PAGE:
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POWERS OF SEARCH AND SEIZURE - Search warrants - Validity

Thursday, June 28, 2018 @ 7:46 AM  

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Appeal by the Crown from an order excluding evidence at the trial of the accused, Campbell. Police executed a search warrant at the accused's home leading to the seizure of firearms and drugs with related charges. The Information to Obtain (ITO) the warrant set out that police had responded to a report of a man walking down the road with a shotgun, observed the man entering a mini-home, and arrested him. An initial search of the property to ensure public and officer safety led to the discovery of a marijuana grow operation and an unsecured rifle. The officers left the residence and conducted surveillance while awaiting issuance of a telewarrant. The accused arrived, advised that he lived at the mini-home and was arrested. The warrant was approved. However, the warrant set out the time for its execution as between May 7, 2016 and January 7, 2016. The accused submitted that the error on the face of the warrant rendered it invalid. The parties accepted that the timeframe for execution was an impossibility and a clear error. The trial judge held that the error was a fundamental defect and that its execution in the face of that error constituted police negligence that rendered the warrant invalid. The search breached the accused's s. 8 Charter rights. The trial judge excluded the evidence seized pursuant to s. 24(2) of the Charter. Following the exclusion order, the Crown invited entry of an acquittal. The Crown appealed.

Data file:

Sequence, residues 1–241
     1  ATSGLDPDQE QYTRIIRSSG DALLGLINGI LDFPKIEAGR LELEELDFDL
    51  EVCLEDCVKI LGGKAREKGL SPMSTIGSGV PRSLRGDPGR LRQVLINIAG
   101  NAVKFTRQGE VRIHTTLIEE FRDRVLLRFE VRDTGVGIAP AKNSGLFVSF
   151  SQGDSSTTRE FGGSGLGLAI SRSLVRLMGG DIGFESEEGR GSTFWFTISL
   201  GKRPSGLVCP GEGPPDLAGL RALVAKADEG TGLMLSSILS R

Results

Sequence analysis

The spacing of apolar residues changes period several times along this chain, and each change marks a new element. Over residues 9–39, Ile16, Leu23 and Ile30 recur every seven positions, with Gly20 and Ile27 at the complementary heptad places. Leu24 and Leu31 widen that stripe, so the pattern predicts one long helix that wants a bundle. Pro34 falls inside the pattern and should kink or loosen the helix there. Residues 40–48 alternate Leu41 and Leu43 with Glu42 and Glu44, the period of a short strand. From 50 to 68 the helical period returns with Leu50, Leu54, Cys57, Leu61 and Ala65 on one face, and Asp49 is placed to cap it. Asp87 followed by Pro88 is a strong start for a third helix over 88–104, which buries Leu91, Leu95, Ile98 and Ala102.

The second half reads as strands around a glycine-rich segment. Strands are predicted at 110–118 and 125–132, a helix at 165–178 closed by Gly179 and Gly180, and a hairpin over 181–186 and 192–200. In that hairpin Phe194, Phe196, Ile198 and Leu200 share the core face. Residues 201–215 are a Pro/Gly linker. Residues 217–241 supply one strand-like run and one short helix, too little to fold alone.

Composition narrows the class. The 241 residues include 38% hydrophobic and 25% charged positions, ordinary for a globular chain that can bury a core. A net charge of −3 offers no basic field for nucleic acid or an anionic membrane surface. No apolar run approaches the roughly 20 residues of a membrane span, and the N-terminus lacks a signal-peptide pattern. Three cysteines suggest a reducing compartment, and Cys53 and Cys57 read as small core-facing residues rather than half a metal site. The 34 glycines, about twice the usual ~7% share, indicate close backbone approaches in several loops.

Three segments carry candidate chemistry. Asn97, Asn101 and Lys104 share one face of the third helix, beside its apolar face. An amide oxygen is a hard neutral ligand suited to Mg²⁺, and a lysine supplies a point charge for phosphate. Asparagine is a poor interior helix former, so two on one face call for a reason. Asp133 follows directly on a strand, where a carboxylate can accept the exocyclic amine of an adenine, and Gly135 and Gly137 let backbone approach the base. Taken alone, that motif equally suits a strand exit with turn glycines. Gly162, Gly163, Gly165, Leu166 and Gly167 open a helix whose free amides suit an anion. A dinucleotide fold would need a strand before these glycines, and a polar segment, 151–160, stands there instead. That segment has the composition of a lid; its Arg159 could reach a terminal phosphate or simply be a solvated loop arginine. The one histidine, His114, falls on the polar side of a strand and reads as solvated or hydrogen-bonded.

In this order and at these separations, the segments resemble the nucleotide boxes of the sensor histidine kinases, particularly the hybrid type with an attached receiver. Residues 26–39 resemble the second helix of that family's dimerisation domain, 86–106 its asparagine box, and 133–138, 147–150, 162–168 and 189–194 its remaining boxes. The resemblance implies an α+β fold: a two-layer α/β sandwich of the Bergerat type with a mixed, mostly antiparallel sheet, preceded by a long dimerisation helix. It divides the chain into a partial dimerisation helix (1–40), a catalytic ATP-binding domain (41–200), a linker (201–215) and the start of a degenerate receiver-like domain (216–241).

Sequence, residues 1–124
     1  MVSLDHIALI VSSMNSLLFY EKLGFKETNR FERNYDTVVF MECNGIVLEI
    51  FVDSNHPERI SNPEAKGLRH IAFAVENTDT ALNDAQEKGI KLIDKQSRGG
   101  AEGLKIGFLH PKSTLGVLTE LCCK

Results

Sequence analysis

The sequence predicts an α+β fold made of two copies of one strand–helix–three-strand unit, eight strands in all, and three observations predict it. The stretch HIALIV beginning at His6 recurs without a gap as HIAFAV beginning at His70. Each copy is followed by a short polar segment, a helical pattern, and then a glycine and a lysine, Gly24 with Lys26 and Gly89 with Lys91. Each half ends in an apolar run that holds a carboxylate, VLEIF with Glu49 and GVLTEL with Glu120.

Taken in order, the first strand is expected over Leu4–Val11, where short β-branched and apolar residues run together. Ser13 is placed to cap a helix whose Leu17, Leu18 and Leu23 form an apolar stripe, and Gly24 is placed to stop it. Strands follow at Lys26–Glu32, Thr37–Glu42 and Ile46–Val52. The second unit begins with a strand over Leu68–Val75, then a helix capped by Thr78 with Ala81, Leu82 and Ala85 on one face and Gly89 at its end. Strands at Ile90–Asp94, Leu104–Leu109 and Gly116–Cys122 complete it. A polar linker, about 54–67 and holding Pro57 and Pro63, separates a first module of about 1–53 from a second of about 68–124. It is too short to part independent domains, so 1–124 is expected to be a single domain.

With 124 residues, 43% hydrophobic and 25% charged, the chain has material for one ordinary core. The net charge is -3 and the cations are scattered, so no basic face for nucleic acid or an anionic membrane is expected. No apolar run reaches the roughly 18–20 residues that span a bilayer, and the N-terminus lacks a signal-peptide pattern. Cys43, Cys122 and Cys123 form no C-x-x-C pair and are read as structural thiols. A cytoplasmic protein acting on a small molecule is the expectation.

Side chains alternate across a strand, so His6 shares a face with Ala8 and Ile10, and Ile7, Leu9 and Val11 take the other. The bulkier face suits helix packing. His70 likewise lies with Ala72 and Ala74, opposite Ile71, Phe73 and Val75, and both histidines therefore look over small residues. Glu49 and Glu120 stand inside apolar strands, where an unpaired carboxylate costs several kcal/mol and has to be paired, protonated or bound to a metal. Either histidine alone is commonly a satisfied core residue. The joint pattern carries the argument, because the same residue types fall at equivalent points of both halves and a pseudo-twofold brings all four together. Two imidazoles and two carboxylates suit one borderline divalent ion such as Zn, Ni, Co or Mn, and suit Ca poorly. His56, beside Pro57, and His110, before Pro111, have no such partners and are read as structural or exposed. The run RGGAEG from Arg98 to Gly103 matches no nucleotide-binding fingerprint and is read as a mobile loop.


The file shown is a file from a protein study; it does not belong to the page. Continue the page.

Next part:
HELD: Appeal dismissed. The trial judge did not erroneously require a standard of facial perfection, as she was aware that a warrant could contain a typographical error which would not impact its presumptive validity. There was no error in considering whether negligent police conduct was a factor in determining the nature of the error, as the Crown had relied upon a case authority that considered that discrete issue. The concept of police negligence was a valid aspect of the s. 24(2) analysis. The warrant contained an obvious error. No evidence was offered to explain why or how police acted in the face of that obvious error. The finding of negligence was entitled to deference. The trial judge did not err in excluding the evidence pursuant to s. 24(2), having appropriately considered the error, the absence of risk for destruction of evidence, the high expectation of privacy, and the societal interest in adjudication on the merits.

R. v. Campbell, [2018] N.S.J. No. 195, Nova Scotia Court of Appeal, M. MacDonald C.J.N.S., J.W.S. Saunders and C.A. Bourgeois JJ.A., May 23, 2018. Digest No. TLD-June252018007